Rock Band 2

Rock Band 2

In the world of plastic instrument games, there’s Guitar Hero, Guitar Hero II, Guitar Hero III, Guitar Hero V, Band Hero, DJ Hero, and of course, the Rock Band series. The Local Ditch takes a look at what is special about Rock Band 2.

Guitar Hero, Guitar Hero 2, Guitar Hero 3… Rock Band. RB was the game changer in the rhythm genre. Drums, vocals, guitars, bass – it was all here in one package.

I didn’t play Rock Band. I was late to the party. Instead, I had just been exposed to the plastic instrument craze via Guitar Hero 3: Legends of Rock for the PS2. Yes, 2007 was a big year for me, finally getting a PS2 and jumping, or so I felt, into the modern world of games.

2010, though, let me have a crack at the Rock Band franchise, starting with its sequel, Rock Band 2. At this point, I think it’s fair to say that everyone knows the premise: mash buttons with onscreen color-coded squares to simulate playing a musical instrument from a rock band. Oh, and singing.

To put it simply, it’s great fun. For the hardcore, there’s something very old school about scoring as many points as possible, where players are rewarded for speed, reaction time, and a bit of memorization. It’s almost like an alternative mode of that handheld electronic Simon from the ’80s, but with a whammy bar for a twist. Time and dedication spent practicing yields great benefits.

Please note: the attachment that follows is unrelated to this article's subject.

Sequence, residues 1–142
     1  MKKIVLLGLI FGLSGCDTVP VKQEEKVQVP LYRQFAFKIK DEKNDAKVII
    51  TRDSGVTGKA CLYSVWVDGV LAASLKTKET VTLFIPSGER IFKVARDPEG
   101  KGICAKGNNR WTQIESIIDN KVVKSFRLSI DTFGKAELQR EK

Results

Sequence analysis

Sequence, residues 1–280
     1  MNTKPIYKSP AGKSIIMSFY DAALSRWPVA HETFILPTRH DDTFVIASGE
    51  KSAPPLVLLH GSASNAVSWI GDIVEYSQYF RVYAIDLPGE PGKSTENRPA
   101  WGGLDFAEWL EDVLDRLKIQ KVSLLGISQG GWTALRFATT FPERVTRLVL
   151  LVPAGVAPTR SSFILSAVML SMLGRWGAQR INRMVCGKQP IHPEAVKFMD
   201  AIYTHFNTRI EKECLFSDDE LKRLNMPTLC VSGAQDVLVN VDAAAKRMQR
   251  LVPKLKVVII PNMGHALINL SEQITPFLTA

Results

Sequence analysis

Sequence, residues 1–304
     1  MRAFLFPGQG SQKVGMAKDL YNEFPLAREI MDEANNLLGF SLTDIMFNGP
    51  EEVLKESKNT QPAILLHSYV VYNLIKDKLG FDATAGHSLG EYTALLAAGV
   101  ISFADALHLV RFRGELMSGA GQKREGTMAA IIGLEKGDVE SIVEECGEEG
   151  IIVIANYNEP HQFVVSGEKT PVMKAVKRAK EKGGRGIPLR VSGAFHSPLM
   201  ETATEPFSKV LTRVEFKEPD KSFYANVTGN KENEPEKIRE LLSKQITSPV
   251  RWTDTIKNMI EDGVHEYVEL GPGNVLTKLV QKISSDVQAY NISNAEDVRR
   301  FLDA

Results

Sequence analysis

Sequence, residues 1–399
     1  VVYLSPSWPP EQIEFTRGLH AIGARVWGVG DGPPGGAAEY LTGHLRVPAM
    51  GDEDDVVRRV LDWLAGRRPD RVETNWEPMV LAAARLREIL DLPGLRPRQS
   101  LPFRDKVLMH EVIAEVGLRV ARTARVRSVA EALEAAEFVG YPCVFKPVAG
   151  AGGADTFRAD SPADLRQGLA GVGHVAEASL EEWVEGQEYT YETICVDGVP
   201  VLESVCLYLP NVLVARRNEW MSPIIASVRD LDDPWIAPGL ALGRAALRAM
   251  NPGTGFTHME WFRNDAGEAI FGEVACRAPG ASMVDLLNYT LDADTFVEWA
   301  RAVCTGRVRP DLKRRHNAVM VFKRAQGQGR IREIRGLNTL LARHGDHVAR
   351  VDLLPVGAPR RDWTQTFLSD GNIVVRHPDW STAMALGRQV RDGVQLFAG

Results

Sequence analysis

Rock Band is instantly rewarding. Sucking on an instrument? The crow boos and the music stops. Rocking it out? The music flows immediately, almost from the palms of your hand or throat. Do even better and the crowd starts singing along. The rewards and larger-than-life rock star fantasy really makes the game special.

I’ve always had dreams of wailing on the guitar in front of huge crowds. I think about 100 people has been my real-life max, while Rock Band puts me into the tens of thousands.

Being exposed to some new tunes has been fun, too. Hell, even some that I don’t like to hear are fun to play. It seems the opposite is true, too. Metallica may be my favorite band, but Battery tears me up on every instrument.

The set lists are seemingly endless, so there’s almost always something to come back to. Unlike its successor, Rock Band 2 takes a long damn time to fully complete.

The game really comes alive in multiplayer. The Rock Band series may be the best party-friendly videogames on the market. With several skill levels, just about anyone can jump into the game and play. Get a full group together and it feels like the entire team is actually creating the music. Some of my favorite Rock Band moments come from a full band with skill levels set too high, bailing each other out and fighting the song, tooth and nail, to survive to the very end.

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